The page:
Journal of Chemical Ecology

, Volume 31, Issue 6, pp 1255–1267 | Cite as

Expression of Constitutive and Inducible Chemical Defenses in Native and Invasive Populations of Alliaria petiolata

  • Don Cipollini
  • Jeanne Mbagwu
  • Kathryn Barto
  • Carl Hillstrom
  • Stephanie Enright


The Evolution of Increased Competitive Ability (EICA) hypothesis posits that invasive plants in introduced habitats with reduced herbivore pressure will evolve reduced levels of costly resistance traits. In light of this hypothesis, we examined the constitutive and inducible expression of five chemical defense traits in Alliaria petiolata from four invasive North American and seven native European populations. When grown under common conditions, significant variation among populations within continents was found for trypsin inhibitors and peroxidase activity, and glucosinolates and trypsin inhibitors were significantly jasmonate-inducible across populations. Across populations, constitutive levels of glucosinolates and trypsin inhibitors were negatively correlated with their degree of induction, with three North American populations tending to have lower constitutive levels and higher inducibility of glucosinolates than the seven European populations. Alliarinoside and isovitexin 6″-O-β-d-glucopyranoside levels were both higher in North American plants than in European plants, but levels of these compounds were generally increased by jasmonate in European plants and decreased by the same treatment in North American plants. Aside from the tendency for invasive populations to have reduced constitutive glucosinolate levels coupled with increased inducibility, little support for the predictions of EICA was evident in the chemical defenses that we studied.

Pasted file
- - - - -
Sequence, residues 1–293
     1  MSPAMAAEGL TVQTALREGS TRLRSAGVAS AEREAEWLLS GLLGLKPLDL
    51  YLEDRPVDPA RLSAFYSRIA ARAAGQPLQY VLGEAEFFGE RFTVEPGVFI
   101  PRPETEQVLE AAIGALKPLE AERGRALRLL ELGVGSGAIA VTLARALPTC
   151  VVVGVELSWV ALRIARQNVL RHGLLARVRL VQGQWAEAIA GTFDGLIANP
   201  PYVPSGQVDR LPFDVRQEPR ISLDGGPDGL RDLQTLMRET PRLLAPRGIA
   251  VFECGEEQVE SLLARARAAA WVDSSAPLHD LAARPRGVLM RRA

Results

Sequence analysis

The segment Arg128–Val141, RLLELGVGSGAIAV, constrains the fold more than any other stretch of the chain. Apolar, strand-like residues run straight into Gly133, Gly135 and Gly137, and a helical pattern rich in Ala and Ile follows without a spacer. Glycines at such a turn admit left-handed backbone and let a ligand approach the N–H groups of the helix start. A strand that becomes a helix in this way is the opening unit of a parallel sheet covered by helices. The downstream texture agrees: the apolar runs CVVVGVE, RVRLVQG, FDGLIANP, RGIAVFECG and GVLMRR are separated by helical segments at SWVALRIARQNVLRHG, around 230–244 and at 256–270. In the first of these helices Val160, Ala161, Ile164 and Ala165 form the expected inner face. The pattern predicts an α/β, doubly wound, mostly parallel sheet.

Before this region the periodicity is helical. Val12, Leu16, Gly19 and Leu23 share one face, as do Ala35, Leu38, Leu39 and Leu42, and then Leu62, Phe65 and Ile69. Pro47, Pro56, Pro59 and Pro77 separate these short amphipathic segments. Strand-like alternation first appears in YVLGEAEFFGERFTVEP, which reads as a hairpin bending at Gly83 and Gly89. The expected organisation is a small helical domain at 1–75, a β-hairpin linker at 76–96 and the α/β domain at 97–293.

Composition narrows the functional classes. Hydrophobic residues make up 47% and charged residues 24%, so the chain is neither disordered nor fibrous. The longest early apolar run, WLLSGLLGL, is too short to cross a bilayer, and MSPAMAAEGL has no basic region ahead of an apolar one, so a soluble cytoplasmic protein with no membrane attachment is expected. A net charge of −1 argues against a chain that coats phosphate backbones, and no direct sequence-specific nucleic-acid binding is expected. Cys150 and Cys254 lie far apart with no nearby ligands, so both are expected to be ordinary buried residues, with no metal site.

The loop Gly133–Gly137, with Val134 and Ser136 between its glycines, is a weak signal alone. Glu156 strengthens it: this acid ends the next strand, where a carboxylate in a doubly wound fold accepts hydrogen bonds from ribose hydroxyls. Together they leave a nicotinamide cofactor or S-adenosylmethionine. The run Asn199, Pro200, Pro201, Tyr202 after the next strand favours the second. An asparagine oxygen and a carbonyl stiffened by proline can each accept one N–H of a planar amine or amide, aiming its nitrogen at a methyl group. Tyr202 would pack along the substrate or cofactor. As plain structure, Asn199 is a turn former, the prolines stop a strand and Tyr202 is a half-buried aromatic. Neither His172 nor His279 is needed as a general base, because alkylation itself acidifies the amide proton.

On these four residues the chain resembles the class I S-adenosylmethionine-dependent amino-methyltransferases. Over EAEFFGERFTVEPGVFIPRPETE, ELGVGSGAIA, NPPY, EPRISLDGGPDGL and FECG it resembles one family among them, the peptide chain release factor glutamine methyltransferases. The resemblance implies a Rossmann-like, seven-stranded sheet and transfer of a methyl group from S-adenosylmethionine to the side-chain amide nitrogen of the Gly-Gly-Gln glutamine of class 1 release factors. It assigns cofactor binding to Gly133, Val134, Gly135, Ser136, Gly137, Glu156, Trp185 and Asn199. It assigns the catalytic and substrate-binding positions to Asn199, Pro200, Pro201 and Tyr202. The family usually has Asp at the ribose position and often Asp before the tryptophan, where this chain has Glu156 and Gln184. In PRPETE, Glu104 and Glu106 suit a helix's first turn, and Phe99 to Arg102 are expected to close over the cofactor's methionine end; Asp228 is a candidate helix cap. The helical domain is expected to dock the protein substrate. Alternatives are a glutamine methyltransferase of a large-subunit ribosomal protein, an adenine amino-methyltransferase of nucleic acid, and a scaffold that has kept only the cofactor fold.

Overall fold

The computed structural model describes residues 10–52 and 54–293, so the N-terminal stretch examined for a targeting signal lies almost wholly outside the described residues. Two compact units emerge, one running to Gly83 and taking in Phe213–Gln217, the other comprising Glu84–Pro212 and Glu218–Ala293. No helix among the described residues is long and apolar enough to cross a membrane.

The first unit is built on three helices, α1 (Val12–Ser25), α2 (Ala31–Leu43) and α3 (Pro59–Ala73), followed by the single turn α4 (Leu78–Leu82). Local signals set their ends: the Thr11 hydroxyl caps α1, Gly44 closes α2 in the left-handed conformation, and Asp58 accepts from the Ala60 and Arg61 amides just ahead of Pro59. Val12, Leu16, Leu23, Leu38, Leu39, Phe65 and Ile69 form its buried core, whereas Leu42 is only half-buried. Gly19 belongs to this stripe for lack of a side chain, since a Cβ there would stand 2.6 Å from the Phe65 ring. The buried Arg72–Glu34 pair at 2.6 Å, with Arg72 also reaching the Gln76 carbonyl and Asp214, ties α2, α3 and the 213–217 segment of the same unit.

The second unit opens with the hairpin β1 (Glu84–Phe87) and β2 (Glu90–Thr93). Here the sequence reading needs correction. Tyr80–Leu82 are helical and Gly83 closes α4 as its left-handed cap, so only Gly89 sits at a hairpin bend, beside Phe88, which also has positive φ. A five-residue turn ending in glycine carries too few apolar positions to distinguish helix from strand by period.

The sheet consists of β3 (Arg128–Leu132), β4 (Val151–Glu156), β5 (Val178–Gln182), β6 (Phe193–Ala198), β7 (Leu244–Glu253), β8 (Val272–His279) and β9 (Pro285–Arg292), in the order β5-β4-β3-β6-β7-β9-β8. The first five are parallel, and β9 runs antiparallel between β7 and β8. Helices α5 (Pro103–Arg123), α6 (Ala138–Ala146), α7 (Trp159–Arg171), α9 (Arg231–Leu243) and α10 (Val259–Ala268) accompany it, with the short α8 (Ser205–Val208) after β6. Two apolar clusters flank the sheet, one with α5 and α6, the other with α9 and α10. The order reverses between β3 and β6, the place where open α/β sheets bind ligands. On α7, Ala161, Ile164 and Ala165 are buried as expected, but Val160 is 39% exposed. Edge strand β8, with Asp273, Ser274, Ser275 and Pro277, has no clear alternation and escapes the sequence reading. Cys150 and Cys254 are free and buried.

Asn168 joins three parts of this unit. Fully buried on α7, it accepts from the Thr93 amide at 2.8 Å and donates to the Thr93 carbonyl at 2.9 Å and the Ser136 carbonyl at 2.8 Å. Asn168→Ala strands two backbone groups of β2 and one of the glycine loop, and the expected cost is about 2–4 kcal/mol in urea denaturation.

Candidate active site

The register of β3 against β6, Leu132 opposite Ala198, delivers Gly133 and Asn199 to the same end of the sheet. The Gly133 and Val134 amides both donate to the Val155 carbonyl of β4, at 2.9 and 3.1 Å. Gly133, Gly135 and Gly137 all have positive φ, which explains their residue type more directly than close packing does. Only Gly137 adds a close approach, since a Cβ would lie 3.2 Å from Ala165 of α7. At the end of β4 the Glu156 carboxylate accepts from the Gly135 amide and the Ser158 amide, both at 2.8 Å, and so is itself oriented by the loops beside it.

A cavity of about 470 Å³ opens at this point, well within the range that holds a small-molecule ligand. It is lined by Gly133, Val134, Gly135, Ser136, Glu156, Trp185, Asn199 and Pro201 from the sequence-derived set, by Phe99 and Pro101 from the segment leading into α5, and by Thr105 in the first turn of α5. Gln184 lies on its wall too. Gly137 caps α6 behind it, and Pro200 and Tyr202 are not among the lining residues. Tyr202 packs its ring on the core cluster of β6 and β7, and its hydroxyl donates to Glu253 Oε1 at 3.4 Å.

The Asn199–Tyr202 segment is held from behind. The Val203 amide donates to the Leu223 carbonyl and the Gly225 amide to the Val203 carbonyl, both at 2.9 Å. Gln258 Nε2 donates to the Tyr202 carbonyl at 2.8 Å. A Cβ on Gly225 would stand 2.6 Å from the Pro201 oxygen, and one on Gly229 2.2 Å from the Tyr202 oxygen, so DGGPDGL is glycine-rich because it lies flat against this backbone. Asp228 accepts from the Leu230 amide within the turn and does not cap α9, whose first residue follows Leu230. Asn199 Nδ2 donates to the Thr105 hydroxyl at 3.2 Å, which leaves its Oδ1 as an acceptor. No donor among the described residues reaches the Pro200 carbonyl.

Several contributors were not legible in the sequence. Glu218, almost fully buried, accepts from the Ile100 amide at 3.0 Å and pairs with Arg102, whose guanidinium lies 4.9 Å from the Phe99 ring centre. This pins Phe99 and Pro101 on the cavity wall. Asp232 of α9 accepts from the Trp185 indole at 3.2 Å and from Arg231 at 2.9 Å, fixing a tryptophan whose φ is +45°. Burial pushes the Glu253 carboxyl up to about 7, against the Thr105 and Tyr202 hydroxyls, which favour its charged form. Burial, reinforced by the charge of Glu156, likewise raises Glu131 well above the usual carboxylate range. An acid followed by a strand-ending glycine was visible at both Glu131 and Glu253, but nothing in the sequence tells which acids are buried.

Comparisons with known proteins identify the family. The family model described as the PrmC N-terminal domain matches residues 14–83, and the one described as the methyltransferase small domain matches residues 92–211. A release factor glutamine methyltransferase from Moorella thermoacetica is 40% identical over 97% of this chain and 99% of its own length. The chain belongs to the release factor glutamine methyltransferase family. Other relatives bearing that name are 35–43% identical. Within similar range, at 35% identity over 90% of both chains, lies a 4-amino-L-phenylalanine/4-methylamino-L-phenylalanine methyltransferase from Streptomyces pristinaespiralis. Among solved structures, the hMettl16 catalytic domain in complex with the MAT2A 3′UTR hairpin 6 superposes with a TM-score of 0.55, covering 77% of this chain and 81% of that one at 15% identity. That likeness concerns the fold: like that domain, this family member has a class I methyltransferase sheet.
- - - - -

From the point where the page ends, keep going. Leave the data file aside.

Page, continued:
Key Words

Alliaria petiolata defense proteins evolution glycosides herbivory induced defenses invasive plants jasmonic acid 



We thank Paul Hatcher, Adrian Goodman, and Nicole van Dam for seeds of garlic mustard. We thank Meena Haribal for advice on Mass Spectrometry and HPLC analyses, and Wayne Carmichael and Jerry Servaites for access to equipment and assistance with our procedures. Comments by Oliver Bossdorf and two anonymous reviewers substantially improved this manuscript. We thank Moucon Yuan for help with identification of compounds by mass spectrometry. This project received financial support from Wright State University, the Ohio Board of Regents, and the NSF-UMEB program.


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Copyright information

© Springer Science + Business Media, Inc. 2005

Authors and Affiliations

  • Don Cipollini
    • 1
  • Jeanne Mbagwu
    • 1
  • Kathryn Barto
    • 1
  • Carl Hillstrom
    • 1
  • Stephanie Enright
    • 1
  1. 1.Department of Biological SciencesWright State UniversityDaytonUSA

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